Joy M. Jones, RN
I grew up in Morocco, N. Africa, as the daughter of Protestant missionaries. When I was in high school, I left my adopted
homeland for the last time, after 10 of my most formative years.
After finishing high school in the farmland of Ohio,
and one year of college, I entered a nursing school in the suburbs of Chicago. My goal was to be a midwife.
I was there, I met and fell in love with my husband, and after my graduation, we got married and moved to New York City.
day, I happened to be watching the Phil Donohue show, when he was interviewing Dr. Frederick Leboyer about his new book--Birth
Without Violence. He showed film clips of a birth in which his philosophy was used. I had seen several births in nursing
school, but the breathtaking beauty of what I saw in that footage was unlike anything that I had ever seen or imagined. I
felt compelled to go out and find this book.
I made the trek to Manhattan and entered Kroch's and Brentano's, the largest
bookstore chain of the day. As I browsed the selection of pregnancy books, looking for Leboyer, another title jumped up at
me--Childbirth at Home, by Marion Sousa. I was intrigued and picked it up. After a few minutes of skimming, I knew
that I had to have that book.
As I continued to look for Leboyer, another title jumped out at me--Immaculate Deception,
by Suzanne Arms. In a few more minutes, I knew that I had to have this book, too. By the time I left Kroch's and Brentano's
that day, I had bought 3 books, and my life was changed forever.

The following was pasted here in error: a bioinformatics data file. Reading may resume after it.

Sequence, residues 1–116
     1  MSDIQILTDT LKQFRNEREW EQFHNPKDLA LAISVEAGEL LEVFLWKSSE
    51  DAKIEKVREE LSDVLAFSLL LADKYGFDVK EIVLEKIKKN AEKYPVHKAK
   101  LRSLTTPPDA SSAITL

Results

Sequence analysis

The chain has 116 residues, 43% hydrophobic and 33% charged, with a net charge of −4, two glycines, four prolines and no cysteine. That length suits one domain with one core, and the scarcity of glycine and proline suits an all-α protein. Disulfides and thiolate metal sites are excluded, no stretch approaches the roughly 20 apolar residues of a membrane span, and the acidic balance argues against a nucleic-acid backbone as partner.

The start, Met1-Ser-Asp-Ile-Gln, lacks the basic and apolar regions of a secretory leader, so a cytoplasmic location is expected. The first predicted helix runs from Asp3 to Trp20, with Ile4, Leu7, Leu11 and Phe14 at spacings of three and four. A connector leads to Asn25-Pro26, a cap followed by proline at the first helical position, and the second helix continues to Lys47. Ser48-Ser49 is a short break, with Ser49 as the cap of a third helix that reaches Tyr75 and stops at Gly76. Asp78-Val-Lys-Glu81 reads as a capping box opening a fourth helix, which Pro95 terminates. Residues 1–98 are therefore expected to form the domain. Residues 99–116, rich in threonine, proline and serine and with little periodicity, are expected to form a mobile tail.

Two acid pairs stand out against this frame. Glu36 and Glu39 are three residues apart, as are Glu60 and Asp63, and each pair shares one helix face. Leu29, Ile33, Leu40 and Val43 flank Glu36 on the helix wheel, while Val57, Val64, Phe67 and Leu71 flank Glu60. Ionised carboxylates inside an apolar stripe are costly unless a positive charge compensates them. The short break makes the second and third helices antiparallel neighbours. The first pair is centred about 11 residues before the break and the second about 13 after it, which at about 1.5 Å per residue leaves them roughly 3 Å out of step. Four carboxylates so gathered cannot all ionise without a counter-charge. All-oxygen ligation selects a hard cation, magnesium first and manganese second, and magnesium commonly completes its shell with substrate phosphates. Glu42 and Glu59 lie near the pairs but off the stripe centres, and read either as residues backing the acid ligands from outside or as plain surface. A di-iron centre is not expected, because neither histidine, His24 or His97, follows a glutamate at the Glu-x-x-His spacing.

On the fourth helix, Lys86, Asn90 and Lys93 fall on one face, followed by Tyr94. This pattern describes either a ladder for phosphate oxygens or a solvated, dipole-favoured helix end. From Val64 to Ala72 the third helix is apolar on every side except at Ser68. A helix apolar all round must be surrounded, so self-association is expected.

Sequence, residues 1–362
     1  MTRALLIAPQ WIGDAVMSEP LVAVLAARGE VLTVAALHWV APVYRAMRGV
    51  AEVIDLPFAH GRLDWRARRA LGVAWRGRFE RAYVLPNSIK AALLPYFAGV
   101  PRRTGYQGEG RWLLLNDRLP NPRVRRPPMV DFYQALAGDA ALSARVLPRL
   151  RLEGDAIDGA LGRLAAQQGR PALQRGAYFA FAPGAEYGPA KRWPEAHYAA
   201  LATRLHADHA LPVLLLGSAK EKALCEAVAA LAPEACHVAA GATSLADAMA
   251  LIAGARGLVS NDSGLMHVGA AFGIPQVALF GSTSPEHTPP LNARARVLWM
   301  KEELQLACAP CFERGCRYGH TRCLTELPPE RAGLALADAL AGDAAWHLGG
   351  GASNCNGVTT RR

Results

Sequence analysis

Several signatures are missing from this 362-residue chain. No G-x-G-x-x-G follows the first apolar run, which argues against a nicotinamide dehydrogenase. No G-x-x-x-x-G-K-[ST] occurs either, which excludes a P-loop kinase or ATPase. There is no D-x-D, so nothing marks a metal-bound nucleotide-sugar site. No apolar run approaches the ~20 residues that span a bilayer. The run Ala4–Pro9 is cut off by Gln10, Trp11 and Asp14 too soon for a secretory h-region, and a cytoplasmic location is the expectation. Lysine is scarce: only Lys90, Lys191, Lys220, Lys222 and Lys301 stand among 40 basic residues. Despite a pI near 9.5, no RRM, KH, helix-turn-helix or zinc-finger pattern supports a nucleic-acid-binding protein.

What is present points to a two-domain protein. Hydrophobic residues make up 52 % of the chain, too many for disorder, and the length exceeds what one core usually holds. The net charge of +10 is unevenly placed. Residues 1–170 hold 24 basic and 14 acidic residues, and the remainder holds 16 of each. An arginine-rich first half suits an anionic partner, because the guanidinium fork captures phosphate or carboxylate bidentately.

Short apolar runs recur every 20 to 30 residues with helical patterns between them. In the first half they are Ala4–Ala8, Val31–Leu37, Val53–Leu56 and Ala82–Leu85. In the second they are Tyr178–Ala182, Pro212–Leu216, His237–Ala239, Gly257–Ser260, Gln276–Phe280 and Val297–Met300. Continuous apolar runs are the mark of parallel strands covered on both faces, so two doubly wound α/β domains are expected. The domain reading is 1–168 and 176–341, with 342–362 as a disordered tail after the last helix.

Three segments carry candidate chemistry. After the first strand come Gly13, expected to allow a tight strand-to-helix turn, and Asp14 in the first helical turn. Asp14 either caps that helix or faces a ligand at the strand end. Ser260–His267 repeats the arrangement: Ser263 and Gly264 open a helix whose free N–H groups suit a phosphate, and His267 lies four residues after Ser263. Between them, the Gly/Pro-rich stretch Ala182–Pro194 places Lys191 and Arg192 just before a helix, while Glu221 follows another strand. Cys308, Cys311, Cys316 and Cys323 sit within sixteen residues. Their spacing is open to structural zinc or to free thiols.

In my hunger for childbearing, and in my search for
knowledge, I soon found the local La Leche League group, and for the next 3 years I almost never missed a monthly meeting.
One of the friends that I met there was Janice Presser Greene.
Janice and others in that LLL group were also very interested
in and involved with the issue of homebirth, and they introduced me to another monthly meeting that took place in that house--the
HOME meetings (Home Oriented Maternity Experience), which were organized in a similar format to that of the LLL meetings.
I started attending HOME meetings also, and eventually I got to the point where I just had to witness a birth that was conducted
at home, and which made use of all the new philosophies that I was learning. I decided to ask a midwife if I could come along
on a birth. Somehow I got the phone number of a local homebirth midwife, Hazel, and I called her.
Hazel soon became
one of the best gifts of my life. She's a Certified Nurse Midwife who got her education in England, and she has a heart as
wide as the ocean she crossed to get here. She may have been a little uncertain about my request, but she asked me to come
to her house for a visit, so that we could talk about how this arrangement might work. There were two babies who were due
pretty soon, so Hazel proposed that I start coming to their prenatal visits. With the mothers' permissions, that is what
One evening she called me, and we were off for my first homebirth. We wound our way in the dark through some
remote country area, where there were no street lights, or street signs, or house numbers. Eventually, we managed to find
the house--confirmed by the brightly-lit windows, and by the sounds of a woman pushing, in childbirth. Inside, we found her
being encouraged by a large group of friends, who apparently lived with her, in some kind of communal household arrangement.
The beautiful baby boy was soon born, to everyone's delight. The birth was everything I had expected, and more.
short while after I got home, the phone woke me from a sound sleep. I can still hear the lilt in her voice asking me if I
wanted to go on another birth. So off we went again. This time, we found a small suburban house with only a couple of people
in attendance. This time, as the baby was being born the birds were singing outside the window, greeting the dawn of a new
day, and a new life. Once again, my life had been changed forever.
I don't remember how it happened, but Hazel kept
expecting me at prenatal visits, and kept calling me for births, and soon a year and a half had passed, and I had received